Conor Oliver: 'All of our focus is now on trying to get that trophy'
Big interview: Conor Oliver
From operating toy helicopters to sitting in the cockpit of a real plane, Conor Oliver hopes to make the miraculous transition this year.
A self-proclaimed daredevil, the Skerries native used to skate around Dublin City, performing stunts and tricks that sometimes came off and other times resulted in a broken foot here and there.
Please log in or register with Independent.ie for free access to this article.
Jumping down massive outdoor stairs isn't exactly conducive to the lifestyle of a professional rugby player, so he's put that on the back-burner for the time being at least.
"I loved skateboarding and BMX when I was younger," says Oliver.
"I used to skate around Dublin while I was growing up. It was a massive part of my life. I didn't know what I wanted to do with rugby or skateboarding, or go to college and down that route.
"There is a few skateboarders who have gone pro in Ireland. But there is not that much money in it. It is more paid trips and would be tough to make a living off it. I just enjoyed it so much that I didn't mind what I was doing outside of it.
"Rugby and skateboarding don't really go hand in hand and not many rugby players would do it. I have a long board now and I can go around on that. That is just to cruise around.
"I wouldn't be jumping down stairs anymore. I broke my metatarsal in my foot about three times from skateboarding.
"My dad wasn't too happy with that. He pushed me towards rugby and thank God it paid off. I can always go back."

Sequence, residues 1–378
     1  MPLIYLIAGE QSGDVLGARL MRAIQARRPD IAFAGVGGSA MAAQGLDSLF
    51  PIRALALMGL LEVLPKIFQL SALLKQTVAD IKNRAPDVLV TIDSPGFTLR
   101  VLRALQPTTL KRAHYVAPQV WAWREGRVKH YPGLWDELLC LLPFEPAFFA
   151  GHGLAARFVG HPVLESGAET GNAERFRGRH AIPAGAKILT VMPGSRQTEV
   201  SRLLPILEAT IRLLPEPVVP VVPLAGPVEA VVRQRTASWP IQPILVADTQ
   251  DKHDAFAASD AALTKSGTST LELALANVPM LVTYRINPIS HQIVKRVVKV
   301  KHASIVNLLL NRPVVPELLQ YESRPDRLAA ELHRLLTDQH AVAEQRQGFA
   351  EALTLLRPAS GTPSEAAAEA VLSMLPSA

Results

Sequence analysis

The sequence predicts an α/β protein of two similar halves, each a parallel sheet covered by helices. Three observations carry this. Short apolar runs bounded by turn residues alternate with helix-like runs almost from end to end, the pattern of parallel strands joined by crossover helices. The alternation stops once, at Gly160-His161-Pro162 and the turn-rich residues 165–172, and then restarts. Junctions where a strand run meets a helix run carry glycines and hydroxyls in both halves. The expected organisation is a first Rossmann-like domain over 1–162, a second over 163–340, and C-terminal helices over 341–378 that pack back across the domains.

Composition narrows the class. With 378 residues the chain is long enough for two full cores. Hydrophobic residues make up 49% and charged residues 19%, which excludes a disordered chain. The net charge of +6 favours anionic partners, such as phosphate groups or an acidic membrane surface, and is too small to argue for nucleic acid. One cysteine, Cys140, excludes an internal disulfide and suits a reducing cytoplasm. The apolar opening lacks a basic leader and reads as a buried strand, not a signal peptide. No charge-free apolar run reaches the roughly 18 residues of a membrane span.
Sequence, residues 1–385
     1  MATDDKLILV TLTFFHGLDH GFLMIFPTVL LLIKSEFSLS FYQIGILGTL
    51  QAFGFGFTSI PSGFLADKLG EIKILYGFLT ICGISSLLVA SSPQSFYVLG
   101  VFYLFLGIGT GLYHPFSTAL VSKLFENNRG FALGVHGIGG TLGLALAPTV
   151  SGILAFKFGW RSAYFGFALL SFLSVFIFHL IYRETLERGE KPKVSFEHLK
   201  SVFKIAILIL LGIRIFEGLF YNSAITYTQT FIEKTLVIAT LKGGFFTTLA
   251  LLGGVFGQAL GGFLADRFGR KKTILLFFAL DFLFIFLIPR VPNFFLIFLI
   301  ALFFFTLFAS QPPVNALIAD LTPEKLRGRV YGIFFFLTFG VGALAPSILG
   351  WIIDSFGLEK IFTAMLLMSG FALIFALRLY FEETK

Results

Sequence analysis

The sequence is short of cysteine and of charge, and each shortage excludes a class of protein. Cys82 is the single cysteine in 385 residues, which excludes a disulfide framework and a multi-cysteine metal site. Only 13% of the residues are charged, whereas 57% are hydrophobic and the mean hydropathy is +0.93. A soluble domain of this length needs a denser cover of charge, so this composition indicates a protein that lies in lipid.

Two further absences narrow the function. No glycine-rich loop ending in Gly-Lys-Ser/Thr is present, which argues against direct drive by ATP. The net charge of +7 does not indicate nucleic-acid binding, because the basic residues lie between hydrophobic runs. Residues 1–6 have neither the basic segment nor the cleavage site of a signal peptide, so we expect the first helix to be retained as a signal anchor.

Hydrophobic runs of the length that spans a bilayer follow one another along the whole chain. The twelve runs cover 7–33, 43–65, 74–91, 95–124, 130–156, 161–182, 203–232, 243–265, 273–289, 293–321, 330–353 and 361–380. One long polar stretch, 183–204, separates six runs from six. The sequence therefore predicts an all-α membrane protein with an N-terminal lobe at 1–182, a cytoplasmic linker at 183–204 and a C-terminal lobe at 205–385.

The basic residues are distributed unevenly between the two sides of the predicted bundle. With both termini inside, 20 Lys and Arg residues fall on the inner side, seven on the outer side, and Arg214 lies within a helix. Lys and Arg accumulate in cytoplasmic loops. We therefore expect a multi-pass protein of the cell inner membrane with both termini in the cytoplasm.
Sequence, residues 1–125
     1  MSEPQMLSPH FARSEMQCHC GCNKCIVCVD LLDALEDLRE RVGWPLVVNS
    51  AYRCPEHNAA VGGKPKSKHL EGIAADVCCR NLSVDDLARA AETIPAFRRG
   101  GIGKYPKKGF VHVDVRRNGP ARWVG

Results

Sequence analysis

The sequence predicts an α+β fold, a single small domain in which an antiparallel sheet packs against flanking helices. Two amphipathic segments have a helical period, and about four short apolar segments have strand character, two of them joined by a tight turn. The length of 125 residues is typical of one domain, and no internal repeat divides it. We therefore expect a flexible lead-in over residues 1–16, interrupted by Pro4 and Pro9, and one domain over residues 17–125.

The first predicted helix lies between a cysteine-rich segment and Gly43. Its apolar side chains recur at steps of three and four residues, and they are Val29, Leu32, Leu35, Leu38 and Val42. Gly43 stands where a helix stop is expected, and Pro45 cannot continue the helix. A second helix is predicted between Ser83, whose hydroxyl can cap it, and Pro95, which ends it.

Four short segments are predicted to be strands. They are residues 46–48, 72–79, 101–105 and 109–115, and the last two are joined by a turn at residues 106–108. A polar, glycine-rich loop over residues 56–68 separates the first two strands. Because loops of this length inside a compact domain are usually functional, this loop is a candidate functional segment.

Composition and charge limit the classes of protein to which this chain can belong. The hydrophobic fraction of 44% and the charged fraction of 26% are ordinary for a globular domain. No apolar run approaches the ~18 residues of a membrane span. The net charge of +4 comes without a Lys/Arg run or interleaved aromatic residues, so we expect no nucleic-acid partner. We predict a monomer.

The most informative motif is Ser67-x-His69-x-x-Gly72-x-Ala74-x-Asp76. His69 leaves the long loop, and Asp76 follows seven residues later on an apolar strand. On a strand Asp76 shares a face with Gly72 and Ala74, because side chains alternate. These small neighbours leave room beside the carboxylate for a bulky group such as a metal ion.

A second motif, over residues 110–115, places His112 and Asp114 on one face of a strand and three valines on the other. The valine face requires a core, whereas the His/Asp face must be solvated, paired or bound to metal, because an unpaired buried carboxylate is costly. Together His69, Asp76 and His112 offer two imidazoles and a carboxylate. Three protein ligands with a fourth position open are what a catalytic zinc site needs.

But his next venture will see Oliver heading for the clouds instead, after he was inspired to pick up flying by team-mates Arno Botha and Darren Sweetnam.
"Marcus Horan is the IRUPA guy in Munster and I was chatting to him about it," says Oliver.
"I am not really interested in going back to college. I find it hard with training and couldn't balance it. I might get a flight simulator to see if I like it but the boys seem to.
"It is not something I have always thought of being as a kid. But it is a good option for life after rugby. It would be a pretty solid job to go into. It would be interesting.
"I have never flown anything. I had a remote-control helicopter as a kid but that is as far as I got. I actually bought one in the pound shop last year when I was bored. I was flying it around the house."
The 23-year-old openside flanker wasn't in the Ricoh Arena last Saturday. His housemates Jeremy Loughman and Joey Carbery were away, and he was forced to grin and bear Munster's Champions Cup defeat to Saracens at his house in Limerick, alone.
"I wouldn't be shouting at the TV or anything. It's handy being able to rewind it when you're at home as well," says Oliver.
"But I didn't enjoy the second half the last day. I enjoy watching Munster but outside of that I don't watch much rugby. Obviously, we train and analyse other teams, but if there is a game that doesn't affect where we stand I wouldn't bother watching it, I would rather get out and do something else."